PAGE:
“If the ERC will compel Peco to pay us the real cost of power but what it actually charges the consumers is lower, who will pay the balance?” Moncada said.
Treñas was not in favor of the said move saying it would result to increase in power rates for the consumers.
Kagawad Eduardo Peñaredondo likened the city’s situation to a losing game of chess.
“We are in a checkmate situation now. We have nowhere to go. If the PPC stops its operation, we cannot rely on the National Power Corporation since it has not enough power supply. Maybe Napocor can spare us 10MW but that would only be enough for the three big malls in the city,” Peñaredondo said.
Peñaredondo said the blackout will be disastrous to the city’s economy and peace and order to Iloilo City.
“We will go back to the dark ages if we lose power. Mayor Treñas will meet with the crisis management committee to put in place the necessary contingency plan in case of a blackout,” Peñaredondo said.
However, Governor Niel Tupas no amount of contingency plan will help Iloilo City against the blackout.
“We will be helpless. If we lose our power supply, what can we do,” Tupas said.
Still, Tupas said they are hoping that the ERC will exert all its effort to prevent the city from plunging into darkness. (Published in The Guardian, December 13, 2005 issue)

IBC: ERC must solve power crisis

By Jeehan V. Fernandez

ALARMED by the looming blackout in Iloilo City, businessmen have urged the government to address the power concern which could cause major trouble on the local economy.
The Iloilo Business Club (IBC) yesterday issued the statement following pronouncements of Panay Power Corporation (PPC) that it will shut down its facility at Barangay Ingore, LaPaz if Panay Electric Company (Peco) does not pay the actual price of power.
“We urgently request the Energy Regulatory Commission (ERC) through its chairman Rodolfo Albano to arbitrate and come up with a viable interim and long term solutions acceptable to all stakeholders and always with the interest of the general public as the primordial consideration,” stressed Antonio S. Jon, IBC president.
Last week, Albano said the ERC will grant a provisional authority to Peco to pay its financial dues to PPC.
Likewise, the business sector asked PPC and Peco to deal properly with their problems.
“We appeal to both Panay Power Corporation and Panay Electric Company to exercise social responsibility over the situation and not allow Iloilo City to suffer the consequences of a blackout,” Jon said.
“We hope they will uphold their mandate to provide reliable and reasonably-priced electricity to the community,” Jon pointed out.
“The Iloilo Business Club is very much concerned with the obvious and logical consequence of a citywide blackout that could bring unimaginable and indescribable chaos and turmoil to the public,” he explained.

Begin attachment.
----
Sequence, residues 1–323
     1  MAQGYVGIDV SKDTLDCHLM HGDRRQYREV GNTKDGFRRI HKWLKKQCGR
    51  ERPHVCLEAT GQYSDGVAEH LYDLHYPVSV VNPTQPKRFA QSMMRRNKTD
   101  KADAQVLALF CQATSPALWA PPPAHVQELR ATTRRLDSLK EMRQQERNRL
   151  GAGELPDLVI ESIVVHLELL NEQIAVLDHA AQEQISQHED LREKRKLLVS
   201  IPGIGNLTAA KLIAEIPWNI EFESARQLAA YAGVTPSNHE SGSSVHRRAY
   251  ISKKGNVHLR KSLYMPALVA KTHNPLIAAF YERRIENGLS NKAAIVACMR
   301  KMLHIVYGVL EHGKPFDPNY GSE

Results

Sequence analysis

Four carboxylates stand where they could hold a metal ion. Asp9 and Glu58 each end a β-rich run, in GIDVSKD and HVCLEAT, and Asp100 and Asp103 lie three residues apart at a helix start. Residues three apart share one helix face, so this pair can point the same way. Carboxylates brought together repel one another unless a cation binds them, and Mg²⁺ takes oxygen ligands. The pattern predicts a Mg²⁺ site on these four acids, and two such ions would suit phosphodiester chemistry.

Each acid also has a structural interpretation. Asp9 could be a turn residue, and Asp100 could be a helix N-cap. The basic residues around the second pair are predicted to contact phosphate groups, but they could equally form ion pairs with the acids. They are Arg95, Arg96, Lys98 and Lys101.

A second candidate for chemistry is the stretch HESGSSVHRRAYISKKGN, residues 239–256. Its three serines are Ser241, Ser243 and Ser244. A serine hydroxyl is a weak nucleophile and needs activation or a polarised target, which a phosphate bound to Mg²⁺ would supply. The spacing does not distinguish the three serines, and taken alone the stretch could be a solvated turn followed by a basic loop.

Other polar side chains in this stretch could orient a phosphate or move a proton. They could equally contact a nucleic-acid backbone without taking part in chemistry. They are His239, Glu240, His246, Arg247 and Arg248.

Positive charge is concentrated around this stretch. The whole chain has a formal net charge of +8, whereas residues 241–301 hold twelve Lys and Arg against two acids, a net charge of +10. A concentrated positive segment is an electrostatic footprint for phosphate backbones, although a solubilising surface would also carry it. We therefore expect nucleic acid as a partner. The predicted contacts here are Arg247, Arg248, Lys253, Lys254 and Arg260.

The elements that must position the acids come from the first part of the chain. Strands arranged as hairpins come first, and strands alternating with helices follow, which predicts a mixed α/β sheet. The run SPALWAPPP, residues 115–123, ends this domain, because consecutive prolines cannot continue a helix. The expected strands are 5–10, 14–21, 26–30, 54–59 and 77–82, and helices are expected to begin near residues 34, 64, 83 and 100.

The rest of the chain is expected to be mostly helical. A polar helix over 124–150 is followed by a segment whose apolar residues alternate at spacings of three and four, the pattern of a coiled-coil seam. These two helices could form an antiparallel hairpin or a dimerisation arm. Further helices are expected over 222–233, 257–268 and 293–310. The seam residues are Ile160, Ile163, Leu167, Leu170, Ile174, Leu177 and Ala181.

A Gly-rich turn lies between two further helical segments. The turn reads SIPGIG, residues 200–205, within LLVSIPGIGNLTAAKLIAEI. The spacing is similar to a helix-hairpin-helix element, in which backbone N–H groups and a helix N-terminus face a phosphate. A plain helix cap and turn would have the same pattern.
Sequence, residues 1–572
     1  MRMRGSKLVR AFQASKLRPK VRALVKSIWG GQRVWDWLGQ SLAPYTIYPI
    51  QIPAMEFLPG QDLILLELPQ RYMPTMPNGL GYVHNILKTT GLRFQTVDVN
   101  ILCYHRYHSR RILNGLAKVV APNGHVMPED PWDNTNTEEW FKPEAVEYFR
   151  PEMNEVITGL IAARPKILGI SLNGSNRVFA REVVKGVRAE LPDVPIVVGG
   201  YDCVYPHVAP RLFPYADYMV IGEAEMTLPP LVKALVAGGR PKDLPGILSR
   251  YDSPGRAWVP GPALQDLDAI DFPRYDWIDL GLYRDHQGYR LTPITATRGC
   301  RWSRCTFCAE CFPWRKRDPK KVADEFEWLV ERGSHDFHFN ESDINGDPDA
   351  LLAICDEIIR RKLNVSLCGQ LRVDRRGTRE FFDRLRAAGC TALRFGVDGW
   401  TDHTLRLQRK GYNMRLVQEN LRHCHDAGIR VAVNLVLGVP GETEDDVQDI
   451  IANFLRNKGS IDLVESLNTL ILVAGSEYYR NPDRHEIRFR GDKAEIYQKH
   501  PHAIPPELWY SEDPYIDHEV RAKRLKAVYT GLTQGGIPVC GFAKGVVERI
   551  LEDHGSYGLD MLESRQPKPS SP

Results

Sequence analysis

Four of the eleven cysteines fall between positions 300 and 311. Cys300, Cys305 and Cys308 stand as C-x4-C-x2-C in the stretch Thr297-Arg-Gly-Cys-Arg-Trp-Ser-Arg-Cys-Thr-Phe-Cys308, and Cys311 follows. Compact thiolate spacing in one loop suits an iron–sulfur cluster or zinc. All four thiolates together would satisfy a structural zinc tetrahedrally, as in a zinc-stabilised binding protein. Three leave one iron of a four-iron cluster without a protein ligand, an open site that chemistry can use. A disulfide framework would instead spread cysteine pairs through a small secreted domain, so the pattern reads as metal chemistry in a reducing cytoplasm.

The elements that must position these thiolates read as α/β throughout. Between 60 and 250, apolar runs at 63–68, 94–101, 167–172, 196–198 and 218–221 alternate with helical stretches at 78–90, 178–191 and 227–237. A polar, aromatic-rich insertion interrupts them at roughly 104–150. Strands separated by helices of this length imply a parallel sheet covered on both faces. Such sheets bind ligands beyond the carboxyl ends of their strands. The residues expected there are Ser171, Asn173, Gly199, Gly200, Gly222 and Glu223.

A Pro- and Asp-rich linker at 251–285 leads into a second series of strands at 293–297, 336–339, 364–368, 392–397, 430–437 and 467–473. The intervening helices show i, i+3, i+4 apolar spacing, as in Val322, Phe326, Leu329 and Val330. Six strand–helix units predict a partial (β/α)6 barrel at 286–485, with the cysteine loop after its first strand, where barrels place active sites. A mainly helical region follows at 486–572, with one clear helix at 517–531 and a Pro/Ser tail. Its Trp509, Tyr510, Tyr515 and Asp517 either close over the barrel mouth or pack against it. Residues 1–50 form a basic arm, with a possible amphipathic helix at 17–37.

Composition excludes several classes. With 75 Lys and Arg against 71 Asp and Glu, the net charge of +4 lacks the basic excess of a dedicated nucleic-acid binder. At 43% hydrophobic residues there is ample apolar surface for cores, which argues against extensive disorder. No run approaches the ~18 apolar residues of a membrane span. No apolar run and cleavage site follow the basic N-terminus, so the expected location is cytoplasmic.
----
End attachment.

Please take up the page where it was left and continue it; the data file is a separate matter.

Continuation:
“Power is one of the biggest components for the economy’s growth thus we are the most concerned than any other sector. It would be disastrous and detrimental if we have no electricity to run our businesses,” Jon clarified.
Meanwhile, Iloilo City Mayor Jerry P. Treñas had talked over the phone with Albano yesterday regarding the ERC stand on the power issue.
“It is my hope that the ERC will issue a provisional authority to Peco. The ERC order may come out soon,” Treñas told reporters.
Treñas also said the city government has no options available but it would be the National Power Corporation (NPC) and Department of Energy (DOE) that will address the power troubles.
“We have to talk to higher authorities to come up with solutions. But before the government come in, solutions can be thrived at the local level. If not, the government will be there to ensure there is continuous power supply,” the mayor said. (Published in The Guardian, December 13, 2005 issue)

Raul Sr. mulls damage suit vs Orleans

By Francis Allan L. Angelo

IT’S payback time for Justice Secretary Raul Gonzalez Sr.
This, after the Integrated Bar of the Philippines (IBP) junked the disbarment case filed by Liga ng mga Barangay-Iloilo City Chapter president Marietta Orleans against Gonzalez.
Orleans, with her legal counsel Bonifacio Alentajan, sought to strip Gonzalez of his license to practice law with the IBP’s Commission on Bar Discipline (CBD) at the height of the power struggle within the Liga last year.
Orleans based her case on Gonzalez’s purported illicit love affair with a Sangguniang Kabataan chairman in Iloilo City.
An earlier disbarment case was also filed against Gonzalez for his involvement in the leadership squabble in the Liga but it was already dismissed by the IBP in August.
In the latest complaint, the CBD’s investigating commissioner Lydia Navarro found no merit in Orleans’s complaint.
In the resolution for CBD Case No. 04-1276, Navarro said “it is apparent that complainant is just harassing the respondent.”
“From the facts obtained, it is evident that complainant meant to harass the respondent at all cost, even to the extent of violating the rule on forum shopping for having instituted the same course of action with the same set of witnesses and affidavits twice before the IBP and the Ombudsman,” Navarro said.
The IBP board of governors has already adopted Navarro’s resolution which in turn will be approved by the Supreme Court.
Atty. Eldrid Antiquera, Gonzalez’s counsel, said they will file counter charges against Orleans and Alentajan “for besmirching Secretary Gonzalez’s name.”
“We will file a substantial damage suit against Orleans and Alentajan. We are just waiting for the dismissal to become final by virtue of Supreme Court’s approval,” Antiquera said.
Alentajan said they can still appeal the case even as he accused Gonzalez of using his position to influence the IBP decision.
But Antiquera denied Alentajan’s accusation saying the IBP has been the one of the oppositors to Gonzalez’s appointment as Secretary of Justice.
The rift between Gonzalez and Orleans began in the 2004 elections when the latter supported former Iloilo City mayor Mansueto Malabor who ran as congressman opposite Raul Gonzalez Jr. (Published in The Guardian, December 12, 2005)